16 June 2020

Exploring the scope of European media philanthropy

How do European foundations engage with journalism? This question cannot be answered as straightforwardly as it might seem. With the exception of a handful of high-profile journalism funders, many European foundations do not consider media as their core mission, yet may think of it as a complementary or side activity. That makes it very hard to tell who is investing how much and with what kind of objectives, how foundations learn about the sector, and what obstacles they might face.

Hence, the Journalism Funders Forum (JFF), which is rallying European philanthropy around news and current affairs in the public interest, has just launched a broad survey, aiming to establish a high-level overview of donor’s strategic approaches (or, indeed, lack thereof). This is a first in the European media philanthropy landscape, seeking to establish a benchmark against which to calibrate future activities and research.

The state of journalism funding in Europe

Compared with the United States, Europe is a bit of a wasteland when it comes to philanthropic support for journalism. This has to do, among other things, with the strong position of public service media in many European countries, and with the fact that states have a tradition of subsidising privately-owned media directly and indirectly as well. Hence, funders did not necessarily perceive a particularly strong need to intervene.

However, that is not the full picture. First, for political as well as economic reasons, media pluralism and media freedom are unevenly distributed across Europe. Second, long-established media organisations, in particular in print and broadcasting, tend to have more clout with policymakers and foundation leaders than fledgling outlets that aspire to bring new and different perspectives and approaches to journalism. Third, many potential donors struggle to support media because charity and foundation laws put obstacles in their way. And last, but not least, there appears to be some uncertainty about the very notion of journalism itself: What role does it play for democracy, in the fight against mis- and disinformation, and how do you define the demarcation line between proper journalism and mission-driven public relations?

Hence, despite the sector’s obvious need and demand for support, to date only a precious few foundations engage with quality journalism in Europe.

Now, the COVID-19 crisis has cast a harsh spotlight on the financial and operational precariousness of much of Europe’s independent journalism, and mobilised substantial emergency grants. This readiness to help in the short term should, however, not cloud the question of how quality journalism can be rendered sustainable in the long term.

Boosting media philanthropy at the European level

In response to all of the above, JFF was established as the first cross-border European initiative to stimulate cooperation and exchange between philanthropic foundations aiming to boost media and journalism in the public interest. It strives to provide funders with the knowledge, tools, and networks they need in order to mobilise more abundant journalism funding.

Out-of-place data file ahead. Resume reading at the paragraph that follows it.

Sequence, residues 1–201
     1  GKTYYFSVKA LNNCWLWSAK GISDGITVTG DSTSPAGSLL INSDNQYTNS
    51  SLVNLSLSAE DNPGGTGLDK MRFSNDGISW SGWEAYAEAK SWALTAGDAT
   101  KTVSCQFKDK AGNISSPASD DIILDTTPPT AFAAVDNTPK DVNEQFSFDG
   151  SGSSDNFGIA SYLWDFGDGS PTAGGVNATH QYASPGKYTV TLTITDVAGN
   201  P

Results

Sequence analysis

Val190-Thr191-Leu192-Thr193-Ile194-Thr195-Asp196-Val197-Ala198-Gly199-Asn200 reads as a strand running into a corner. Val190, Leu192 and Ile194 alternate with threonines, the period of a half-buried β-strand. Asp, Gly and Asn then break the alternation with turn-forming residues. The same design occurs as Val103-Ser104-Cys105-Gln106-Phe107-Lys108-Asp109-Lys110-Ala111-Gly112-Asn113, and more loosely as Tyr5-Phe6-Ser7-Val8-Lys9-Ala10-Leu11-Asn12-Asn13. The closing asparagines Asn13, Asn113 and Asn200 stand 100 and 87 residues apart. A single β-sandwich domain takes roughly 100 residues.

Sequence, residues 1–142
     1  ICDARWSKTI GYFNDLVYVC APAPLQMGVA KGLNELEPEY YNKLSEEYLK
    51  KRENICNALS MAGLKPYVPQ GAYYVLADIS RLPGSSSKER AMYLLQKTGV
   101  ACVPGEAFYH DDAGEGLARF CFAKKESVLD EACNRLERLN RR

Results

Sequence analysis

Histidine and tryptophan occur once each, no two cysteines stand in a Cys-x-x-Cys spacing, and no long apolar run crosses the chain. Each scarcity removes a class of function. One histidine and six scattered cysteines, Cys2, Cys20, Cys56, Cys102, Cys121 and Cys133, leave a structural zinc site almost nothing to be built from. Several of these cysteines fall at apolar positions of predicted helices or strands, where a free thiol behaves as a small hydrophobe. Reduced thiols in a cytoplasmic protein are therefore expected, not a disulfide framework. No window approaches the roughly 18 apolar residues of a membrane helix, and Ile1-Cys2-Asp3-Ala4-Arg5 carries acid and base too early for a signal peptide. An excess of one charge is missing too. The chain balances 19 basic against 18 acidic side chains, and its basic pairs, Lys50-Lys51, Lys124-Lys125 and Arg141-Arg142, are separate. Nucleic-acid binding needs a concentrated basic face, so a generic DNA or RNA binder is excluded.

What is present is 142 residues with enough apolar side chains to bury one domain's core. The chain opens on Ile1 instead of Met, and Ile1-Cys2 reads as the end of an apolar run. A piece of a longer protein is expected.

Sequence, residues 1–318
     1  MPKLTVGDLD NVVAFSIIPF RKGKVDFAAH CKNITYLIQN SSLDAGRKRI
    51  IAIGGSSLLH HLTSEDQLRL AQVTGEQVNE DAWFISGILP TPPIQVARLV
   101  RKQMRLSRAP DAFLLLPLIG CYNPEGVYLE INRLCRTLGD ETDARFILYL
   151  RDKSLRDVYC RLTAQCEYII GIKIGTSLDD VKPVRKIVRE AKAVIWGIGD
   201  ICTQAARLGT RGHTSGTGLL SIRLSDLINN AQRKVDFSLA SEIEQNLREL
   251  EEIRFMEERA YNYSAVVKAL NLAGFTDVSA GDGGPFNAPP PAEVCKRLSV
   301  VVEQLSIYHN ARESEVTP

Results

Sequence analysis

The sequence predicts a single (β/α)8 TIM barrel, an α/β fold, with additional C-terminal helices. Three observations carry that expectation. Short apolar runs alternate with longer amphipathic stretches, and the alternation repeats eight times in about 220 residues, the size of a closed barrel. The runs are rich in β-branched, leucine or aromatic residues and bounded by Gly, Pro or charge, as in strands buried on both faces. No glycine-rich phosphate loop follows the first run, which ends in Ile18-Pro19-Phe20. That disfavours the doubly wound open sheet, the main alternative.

We believe that support for independent, public interest journalism is essential to protect democracy within Europe, and we regularly connect stakeholders from philanthropy with leading European news organisations. The objective here is to forge better links between a greater diversity of funders and grantees and raise awareness of the current challenges and long-term opportunities in the journalism sector.

JFF is supported by EFC members Adessium Foundation, Bill and Melinda Gates Foundation, Fondation Nicolas Puech and Open Society Foundations as well as Stichting Democratie en Media, Schöpflin Stiftung and News Integrity Initiative. Since its launch in 2017, it has commissioned a series of country reports taking stock of foundation-funded journalism in France, the United Kingdom, and Germany, and brought together some 500 stakeholders in the course of 17 events to date. As a result, the Forum already identified many crucial points and established momentum for future efforts. What remains missing, however, is an overview of the strategic positioning of European foundations when it comes to journalism and media.

The new survey will be trying to get a sense of how both, foundations that already invest in European journalism and those that do not (yet), position themselves. It will highlight existing gaps and explore the potential to increase the overall amount of media funding, as well as the options to recruit new philanthropic funders to the field.

To this end, JFF calls on as many European foundations as possible to take part in their survey. The aggregated findings will be shared in a public report this autumn but all individual responses will be kept confidential. If you would like to participate, please get in touch with JFF Project Manager, Biba Klomp (klomp@ejc.net) or complete the survey here https://www.surveymonkey.com/r/JFFsurvey.


Biba Klomp

Project Manager, Journalism Funders Forum (powered by European Journalism Centre)